Regular patrons can look forward to a coming addition to the menu.

“In the future, a hamburger will be offered every day,” Michael said. “So there will actually be three items with one item remaining constant-the hamburger.”

Although they don’t offer catering service, they regularly cater for the local Lion’s Club members who eat at The Cookie Jar once a month.

To encourage return patronage, they offer gift certificates and frequent-user cards, such as a cookie card. After purchasing 12 cookies, the 13th cookie is free. Similar offers are available for lunch and breakfast purchases.

The menu boasts of old-fashioned goodness in a new-fangled world. Michael said his restaurant philosophy is to keep his operation simple.

“That’s the only concept that will work in Goessel, because not enough people in town eat out,” he said.

“I understand the basic economics of doing business in Goessel. It’s pretty limited. I’ve got the Senior Center, a tax-subsidized competitor, and the bulk of our population is elderly. So they go down there. Half my customers are around our age, the 40-and-under crowd. The other half is 40 to 65.”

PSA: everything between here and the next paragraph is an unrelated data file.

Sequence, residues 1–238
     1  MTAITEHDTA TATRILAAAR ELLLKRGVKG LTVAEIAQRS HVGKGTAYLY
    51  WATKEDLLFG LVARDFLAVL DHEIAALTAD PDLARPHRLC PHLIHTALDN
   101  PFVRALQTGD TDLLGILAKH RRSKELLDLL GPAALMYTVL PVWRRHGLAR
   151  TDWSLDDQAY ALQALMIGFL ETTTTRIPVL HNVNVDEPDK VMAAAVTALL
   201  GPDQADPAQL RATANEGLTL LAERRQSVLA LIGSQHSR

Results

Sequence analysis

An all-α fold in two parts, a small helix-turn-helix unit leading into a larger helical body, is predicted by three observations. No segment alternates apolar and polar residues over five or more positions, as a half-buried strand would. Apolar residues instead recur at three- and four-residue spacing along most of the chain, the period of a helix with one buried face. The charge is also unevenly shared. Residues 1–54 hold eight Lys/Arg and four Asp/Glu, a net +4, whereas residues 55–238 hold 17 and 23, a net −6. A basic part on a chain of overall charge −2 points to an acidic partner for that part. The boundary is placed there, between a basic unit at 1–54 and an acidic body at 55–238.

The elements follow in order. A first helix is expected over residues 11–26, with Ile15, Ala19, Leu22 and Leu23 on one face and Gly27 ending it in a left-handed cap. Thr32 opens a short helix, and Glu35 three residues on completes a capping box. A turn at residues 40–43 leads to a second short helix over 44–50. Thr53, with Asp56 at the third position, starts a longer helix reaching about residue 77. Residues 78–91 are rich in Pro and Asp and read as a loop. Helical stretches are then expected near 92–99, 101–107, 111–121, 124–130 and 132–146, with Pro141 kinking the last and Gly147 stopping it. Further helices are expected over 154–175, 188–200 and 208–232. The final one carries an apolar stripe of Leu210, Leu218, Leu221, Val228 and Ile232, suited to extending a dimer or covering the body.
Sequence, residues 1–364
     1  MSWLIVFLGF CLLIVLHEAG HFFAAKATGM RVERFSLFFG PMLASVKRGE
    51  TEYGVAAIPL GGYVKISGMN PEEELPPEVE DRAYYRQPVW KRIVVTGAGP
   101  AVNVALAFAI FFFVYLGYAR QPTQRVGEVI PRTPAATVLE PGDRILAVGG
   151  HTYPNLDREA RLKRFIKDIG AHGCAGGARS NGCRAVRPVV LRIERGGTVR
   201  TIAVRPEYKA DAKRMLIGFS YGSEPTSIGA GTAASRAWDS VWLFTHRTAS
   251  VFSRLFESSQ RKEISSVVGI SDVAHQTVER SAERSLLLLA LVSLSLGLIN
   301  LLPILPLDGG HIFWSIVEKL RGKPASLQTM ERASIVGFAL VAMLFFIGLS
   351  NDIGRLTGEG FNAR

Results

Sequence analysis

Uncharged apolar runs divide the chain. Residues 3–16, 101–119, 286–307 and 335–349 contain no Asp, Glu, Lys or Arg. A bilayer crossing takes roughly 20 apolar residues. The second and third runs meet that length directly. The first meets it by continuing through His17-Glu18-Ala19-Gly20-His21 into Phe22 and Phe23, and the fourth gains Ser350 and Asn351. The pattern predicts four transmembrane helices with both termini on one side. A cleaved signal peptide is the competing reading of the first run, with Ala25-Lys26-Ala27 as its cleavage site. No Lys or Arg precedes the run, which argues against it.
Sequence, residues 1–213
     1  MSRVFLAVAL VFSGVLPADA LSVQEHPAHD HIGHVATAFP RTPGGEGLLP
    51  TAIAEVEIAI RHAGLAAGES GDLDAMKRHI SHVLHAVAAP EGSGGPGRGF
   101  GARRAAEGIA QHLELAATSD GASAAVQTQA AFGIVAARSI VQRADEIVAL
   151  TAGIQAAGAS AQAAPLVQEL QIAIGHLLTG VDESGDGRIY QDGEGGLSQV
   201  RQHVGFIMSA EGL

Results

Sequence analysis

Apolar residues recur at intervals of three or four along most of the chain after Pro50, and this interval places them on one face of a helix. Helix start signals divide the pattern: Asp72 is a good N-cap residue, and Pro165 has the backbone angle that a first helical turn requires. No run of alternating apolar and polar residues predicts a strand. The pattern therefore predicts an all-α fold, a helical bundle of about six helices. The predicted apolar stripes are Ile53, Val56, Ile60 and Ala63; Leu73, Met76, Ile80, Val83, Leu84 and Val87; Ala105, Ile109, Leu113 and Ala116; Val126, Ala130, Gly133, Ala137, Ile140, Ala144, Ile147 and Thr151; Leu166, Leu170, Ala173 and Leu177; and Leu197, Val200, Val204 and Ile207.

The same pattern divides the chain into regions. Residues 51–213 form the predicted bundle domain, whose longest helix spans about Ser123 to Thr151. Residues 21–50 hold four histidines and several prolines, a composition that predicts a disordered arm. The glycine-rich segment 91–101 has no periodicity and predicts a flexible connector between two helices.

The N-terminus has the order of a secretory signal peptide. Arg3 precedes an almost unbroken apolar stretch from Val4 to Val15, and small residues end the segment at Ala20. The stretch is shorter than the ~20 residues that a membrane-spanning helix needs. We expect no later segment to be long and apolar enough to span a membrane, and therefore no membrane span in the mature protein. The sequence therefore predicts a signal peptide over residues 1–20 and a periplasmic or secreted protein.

Michael has networked with other successful business owners to be constantly aware of how to keep his operation running successfully and profitably.

He also believes in supporting local business.

“The difference between me and everybody else who’s ever run a cafe here is I use the local grocer a lot, intentionally,” Michael said.

“I put back in the local economy. We use the local grocer for about 70 percent of our food products. We made it a point from the start. We buy local because we are local.”

Shasta said she was proud of her husband.

“He’s come a long way in a short amount of time,” she said. “He’s a good cook. Now, at home, he’s taking over a lot of cooking responsibilities, especially as our family grows.”

And are the couple happy with their choice to own The Cookie Jar?

“I really like doing this,” Michael said. “One, I’m working for myself. And two, as a farm boy myself, I enjoy being with the farmers and everyone else.”